Over the years, I have helped many new producers learn the best ways to sell wholesale to retail shops. My passion has always been to help people succeed with their small businesses — and watch them grow into larger manufacturers.
Along with helping new businesses understand wholesale/retail pricing, I find that many producers are held back because they are afraid of where their business will go when they step into the wholesale arena. They tell themselves that they will not be able to produce enough product, that their products won’t sell wholesale to shops, or that they don’t have enough margin to sell wholesale …..
The Arts Business Institute obviously hears the same concerns from their readers. I would like to share some excerpts from their article:
Occasionally an artist will express the fear that if they start wholesaling, they will be overwhelmed with orders, and unable to fulfill them. That fear, however, is largely unfounded because as the business owner, you are in control of the orders you accept, your studio production and shipping.
I concur with the above statement, especially the part …. “you are in control of the orders you accept …”
Most producers don’t think they can turn down an order that will not work for them — for whatever the reason may be!
YOU ARE IN CONTROL OF YOUR BUSINESS!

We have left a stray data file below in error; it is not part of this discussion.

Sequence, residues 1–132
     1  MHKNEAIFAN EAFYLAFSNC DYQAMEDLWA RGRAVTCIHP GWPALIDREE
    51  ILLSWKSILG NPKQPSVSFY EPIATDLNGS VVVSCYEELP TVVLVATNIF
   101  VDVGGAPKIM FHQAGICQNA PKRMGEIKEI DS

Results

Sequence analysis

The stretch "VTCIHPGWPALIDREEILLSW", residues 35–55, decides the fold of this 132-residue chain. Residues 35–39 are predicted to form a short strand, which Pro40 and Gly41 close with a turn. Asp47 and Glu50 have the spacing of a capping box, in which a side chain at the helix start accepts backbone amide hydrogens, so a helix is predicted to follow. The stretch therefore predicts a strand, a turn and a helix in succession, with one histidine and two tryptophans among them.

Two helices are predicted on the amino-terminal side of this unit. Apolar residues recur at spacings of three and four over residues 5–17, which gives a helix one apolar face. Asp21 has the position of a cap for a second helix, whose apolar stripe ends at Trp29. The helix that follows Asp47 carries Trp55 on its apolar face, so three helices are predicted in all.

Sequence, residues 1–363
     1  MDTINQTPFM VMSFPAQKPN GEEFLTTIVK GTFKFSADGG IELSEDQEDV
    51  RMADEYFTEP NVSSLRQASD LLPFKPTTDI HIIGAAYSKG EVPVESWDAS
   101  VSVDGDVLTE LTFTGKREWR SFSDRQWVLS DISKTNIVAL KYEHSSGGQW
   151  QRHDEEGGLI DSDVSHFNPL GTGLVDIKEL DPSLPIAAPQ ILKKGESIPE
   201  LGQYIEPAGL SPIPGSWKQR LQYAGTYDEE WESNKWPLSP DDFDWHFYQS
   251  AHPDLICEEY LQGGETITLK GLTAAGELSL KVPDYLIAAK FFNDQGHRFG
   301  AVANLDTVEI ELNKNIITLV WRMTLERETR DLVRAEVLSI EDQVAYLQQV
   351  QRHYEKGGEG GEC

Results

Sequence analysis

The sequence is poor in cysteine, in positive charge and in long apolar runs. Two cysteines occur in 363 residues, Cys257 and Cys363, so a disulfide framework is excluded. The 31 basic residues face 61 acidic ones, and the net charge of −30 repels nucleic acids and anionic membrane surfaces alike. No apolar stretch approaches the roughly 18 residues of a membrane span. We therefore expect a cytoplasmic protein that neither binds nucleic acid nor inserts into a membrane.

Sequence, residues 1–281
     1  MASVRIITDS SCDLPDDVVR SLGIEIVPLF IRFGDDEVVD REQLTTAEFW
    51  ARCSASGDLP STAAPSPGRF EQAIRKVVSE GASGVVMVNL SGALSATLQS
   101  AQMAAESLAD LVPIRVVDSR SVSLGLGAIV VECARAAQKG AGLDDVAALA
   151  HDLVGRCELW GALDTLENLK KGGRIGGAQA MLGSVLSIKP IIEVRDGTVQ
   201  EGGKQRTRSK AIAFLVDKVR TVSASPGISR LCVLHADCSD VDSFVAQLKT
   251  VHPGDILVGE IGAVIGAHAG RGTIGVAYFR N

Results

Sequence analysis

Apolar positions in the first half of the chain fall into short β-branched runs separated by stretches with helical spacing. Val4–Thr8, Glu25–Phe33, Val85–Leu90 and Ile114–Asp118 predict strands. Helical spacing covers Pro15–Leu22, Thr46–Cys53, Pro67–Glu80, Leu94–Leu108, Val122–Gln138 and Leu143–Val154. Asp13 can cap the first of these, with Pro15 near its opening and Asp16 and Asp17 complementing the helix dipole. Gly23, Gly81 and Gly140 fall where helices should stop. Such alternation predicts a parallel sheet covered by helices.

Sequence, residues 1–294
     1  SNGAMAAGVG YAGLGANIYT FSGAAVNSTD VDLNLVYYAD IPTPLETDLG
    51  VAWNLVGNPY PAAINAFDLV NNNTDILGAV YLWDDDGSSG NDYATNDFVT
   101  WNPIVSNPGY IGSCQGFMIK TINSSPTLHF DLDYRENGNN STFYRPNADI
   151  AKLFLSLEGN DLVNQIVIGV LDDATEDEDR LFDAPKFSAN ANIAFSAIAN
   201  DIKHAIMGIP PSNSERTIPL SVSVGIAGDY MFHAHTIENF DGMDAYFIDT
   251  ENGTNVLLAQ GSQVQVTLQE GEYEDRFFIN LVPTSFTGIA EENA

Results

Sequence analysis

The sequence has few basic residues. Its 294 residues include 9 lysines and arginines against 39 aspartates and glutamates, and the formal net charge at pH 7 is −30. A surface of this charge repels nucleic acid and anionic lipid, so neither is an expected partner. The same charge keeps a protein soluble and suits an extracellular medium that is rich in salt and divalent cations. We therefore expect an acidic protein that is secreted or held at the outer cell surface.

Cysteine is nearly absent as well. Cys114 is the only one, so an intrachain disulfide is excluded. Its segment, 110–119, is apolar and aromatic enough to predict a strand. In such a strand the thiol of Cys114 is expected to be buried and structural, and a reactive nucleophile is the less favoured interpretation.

That, to me, is such a freeing statement! Of course, you want to oblige your buyers as much as possible, but you are still the one in control.
When I work with a newbie company, I always reassured them by letting them know that if a product isn’t working or if they feel overwhelmed, I can just stop selling their line until they are more comfortable taking orders.
Actually, I just got a call today from one of my Idaho lines from my website (www.IdahoGiftsWholesale.com). She was concerned because she suddenly started having some medical issues that could or could not affect her business. I just reassured her that we would do what she could handle until she got to the bottom of her health problems. Should we get more orders than she can fill, I can just tell buyers that due to health reasons, it may take a bit more time to receive their order. Simple as that!
The Arts Business Institute goes on to say:
When you go to a wholesale show, keep your production schedule (it can simply be a calendar if you like) in your booth to record orders for each month going forward.When an order is placed, work backwards from the date the customer wants to receive their order, allowing sufficient time to produce, pack and ship so that it arrives at the store when needed.
Let your customers know when you can fit their order into your schedule. Be realistic about your capabilities, and build in a little wiggle room to allow for unexpected delays.
Do you use a similar system to schedule your wholesale orders? How is it working for you?